Miami Heat guard and three-time NBA champion Dwyane Wade seems fearless on the court. He has been making headlines as a superstar since his league debut in 2003 and is ranked among its leaders in scoring average and assists per game.
So what could possibly be scary enough to keep Wade up at night?
It’s not the thought of missing a free throw or a three-point shot during a make-it-or-break-it playoff game. In fact, it has nothing to do with basketball.
“I've only had money since I've been 21 years old, even though I'm 36, so I went 20 years of my life where I didn't have nothing,” Wade tells . "And so I still know what that struggle looks like, I still know what it feels like. It still makes me wake up out of my sleep some nights in a sweat, cold sweat, thinking I lost everything."
The basketball player grew up in Chicago and has opened up about his rough childhood, including his mother's drug use. He attended Marquette University in Milwaukee, Wisconsin on scholarship and really started to attract attention his junior year. Wade skipped his senior year of college to declare for the 2003 draft, when he was picked fifth overall by the Miami Heat. Wade played there for over a decade, then had stints with the Chicago Bulls and Cleveland Cavaliers before returning to Miami.
“For me, not growing up with money, my family not growing up with money, not knowing where your next meal will come from, those are things that drove me,” Wade says. “Those [are the] things that continue to live deep inside of me, that I just can't get rid of, right? It’s the thing that makes me work at everything the way that I do.”
And it's been a successful ride so far. In 2017, Forbes ranked him as the sixth highest paid basketball player, with a salary of $23.2 million and total earnings of $36.2 million. Wade has partnerships with Gatorade, Amazon Fashion, The Tie Bar and luggage company Away, plus he’s the co-founder and CEO of sock company PKWY.
Since his career has skyrocketed, Wade bought his mother — who turned her life around — a church. She's now sober and a Baptist pastor.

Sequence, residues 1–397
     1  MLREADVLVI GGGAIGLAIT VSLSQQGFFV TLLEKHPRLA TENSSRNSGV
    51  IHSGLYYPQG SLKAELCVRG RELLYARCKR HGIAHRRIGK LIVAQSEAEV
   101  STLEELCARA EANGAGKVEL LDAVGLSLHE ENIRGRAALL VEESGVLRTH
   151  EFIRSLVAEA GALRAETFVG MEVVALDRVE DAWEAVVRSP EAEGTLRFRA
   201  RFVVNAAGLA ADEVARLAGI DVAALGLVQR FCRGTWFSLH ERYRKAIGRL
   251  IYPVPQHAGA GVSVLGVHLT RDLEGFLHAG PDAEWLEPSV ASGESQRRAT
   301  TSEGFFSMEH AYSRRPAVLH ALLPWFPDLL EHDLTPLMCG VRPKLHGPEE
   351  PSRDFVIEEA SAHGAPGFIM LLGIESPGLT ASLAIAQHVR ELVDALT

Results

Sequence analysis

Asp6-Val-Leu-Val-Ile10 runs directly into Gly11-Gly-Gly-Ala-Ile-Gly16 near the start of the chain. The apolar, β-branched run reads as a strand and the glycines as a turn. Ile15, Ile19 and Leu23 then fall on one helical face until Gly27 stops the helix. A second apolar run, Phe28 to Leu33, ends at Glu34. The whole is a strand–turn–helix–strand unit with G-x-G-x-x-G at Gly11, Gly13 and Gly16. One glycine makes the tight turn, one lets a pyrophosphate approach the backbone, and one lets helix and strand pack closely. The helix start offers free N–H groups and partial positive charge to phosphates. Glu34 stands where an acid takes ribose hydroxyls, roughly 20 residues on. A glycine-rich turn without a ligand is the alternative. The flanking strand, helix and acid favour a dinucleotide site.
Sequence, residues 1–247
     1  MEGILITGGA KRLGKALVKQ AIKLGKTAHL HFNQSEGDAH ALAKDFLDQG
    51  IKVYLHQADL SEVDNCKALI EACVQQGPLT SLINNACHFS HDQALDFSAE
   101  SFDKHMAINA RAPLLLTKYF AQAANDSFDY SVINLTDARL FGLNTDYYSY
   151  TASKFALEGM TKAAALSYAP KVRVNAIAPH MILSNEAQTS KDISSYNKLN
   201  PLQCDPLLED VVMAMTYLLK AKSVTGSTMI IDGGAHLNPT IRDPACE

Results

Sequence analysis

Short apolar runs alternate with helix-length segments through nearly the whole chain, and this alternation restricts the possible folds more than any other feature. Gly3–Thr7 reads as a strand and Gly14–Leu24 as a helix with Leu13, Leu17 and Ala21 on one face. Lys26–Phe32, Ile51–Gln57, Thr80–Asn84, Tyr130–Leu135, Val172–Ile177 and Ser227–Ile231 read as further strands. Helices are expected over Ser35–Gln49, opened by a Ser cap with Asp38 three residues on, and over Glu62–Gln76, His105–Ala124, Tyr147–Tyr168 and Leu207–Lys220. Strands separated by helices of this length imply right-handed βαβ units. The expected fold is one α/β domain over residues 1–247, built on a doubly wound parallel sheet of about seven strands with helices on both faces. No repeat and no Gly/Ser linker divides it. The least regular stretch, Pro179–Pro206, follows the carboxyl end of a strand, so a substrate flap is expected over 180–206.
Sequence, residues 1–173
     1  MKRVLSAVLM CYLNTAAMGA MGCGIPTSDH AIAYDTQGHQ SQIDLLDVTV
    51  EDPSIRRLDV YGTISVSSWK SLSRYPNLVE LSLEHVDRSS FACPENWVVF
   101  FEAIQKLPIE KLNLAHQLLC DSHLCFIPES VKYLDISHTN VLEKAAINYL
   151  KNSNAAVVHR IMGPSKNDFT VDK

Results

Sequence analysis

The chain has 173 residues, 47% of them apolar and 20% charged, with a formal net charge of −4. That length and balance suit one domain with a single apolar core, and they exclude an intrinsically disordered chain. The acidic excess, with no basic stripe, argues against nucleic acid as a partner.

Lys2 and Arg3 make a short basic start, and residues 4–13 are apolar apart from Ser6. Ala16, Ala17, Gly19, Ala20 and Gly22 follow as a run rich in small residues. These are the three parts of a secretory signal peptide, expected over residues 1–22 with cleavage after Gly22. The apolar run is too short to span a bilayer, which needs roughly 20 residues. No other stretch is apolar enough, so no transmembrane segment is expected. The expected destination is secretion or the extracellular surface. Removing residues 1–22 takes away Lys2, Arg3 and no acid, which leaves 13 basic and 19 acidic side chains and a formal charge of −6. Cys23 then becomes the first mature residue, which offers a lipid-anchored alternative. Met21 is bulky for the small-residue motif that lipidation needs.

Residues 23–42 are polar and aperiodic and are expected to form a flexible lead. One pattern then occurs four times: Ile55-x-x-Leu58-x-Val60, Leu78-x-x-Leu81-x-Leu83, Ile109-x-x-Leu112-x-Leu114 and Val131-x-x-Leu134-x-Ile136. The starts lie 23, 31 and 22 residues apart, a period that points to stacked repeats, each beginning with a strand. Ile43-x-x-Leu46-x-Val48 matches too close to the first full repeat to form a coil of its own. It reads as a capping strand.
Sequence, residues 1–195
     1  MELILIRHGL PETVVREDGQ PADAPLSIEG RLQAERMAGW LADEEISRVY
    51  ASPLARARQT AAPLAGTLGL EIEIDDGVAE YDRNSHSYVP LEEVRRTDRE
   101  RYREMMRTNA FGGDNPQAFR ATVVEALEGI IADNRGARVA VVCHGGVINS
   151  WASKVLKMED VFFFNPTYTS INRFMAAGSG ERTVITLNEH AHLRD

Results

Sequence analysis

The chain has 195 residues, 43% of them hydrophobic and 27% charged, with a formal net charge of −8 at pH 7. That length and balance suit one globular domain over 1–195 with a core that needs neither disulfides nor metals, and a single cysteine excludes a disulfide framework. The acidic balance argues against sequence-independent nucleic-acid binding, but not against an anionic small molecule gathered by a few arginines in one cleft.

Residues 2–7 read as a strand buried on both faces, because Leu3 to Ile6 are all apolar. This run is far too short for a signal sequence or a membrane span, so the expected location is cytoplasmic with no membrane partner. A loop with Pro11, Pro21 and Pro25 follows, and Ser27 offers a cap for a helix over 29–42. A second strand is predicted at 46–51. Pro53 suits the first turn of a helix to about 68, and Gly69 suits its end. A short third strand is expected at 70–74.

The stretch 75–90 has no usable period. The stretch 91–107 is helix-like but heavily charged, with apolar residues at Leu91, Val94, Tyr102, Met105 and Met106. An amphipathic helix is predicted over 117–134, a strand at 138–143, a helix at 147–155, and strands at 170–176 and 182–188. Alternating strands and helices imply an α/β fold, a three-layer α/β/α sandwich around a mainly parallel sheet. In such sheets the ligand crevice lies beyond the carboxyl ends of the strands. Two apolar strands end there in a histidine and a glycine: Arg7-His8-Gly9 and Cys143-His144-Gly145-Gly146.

But Wade’s upbringing had a lasting impact on how he approaches money.
“The fear of not having is a terrible feeling,” Wade says. "That never goes away.
“It’s something that I carry when I talk to my kids about money, when I talk to them about even the money I give them, " says Wade, who has three sons from previous relationships and is now married to actress Gabrielle Union. "It’s really trying to do something to them that I didn't have, to have somebody really educate me on the importance of savings.”
But Wade admits he wasn’t always savvy when it comes to money. When he was first drafted in 2003, he earned a salary for the 2003-2004 season of almost $3 million. He intended to be smart about it.
“When I first came in, I remember looking at my contract, I remember thinking, ‘Oh, if I just save a million dollars a year, that’s good,’” Wade says. “And I didn't do that. I wasn't saving money, I was spending it as it was coming in, " on things like nice cars, he tells CNBC Make It.
Wade says if he could give financial advice to his younger self, he'd tell 21-year-old Wade to listen to that gut feeling about saving.
“I would kind of stick to what I really know deep down inside, and deep down inside, it was like, I don't ever want to struggle again,” Wade says. “I don’t ever want to feel that, what I felt before. So start putting money away now, and I would have did that.”
Like this story? Subscribe to CNBC Make It on YouTube!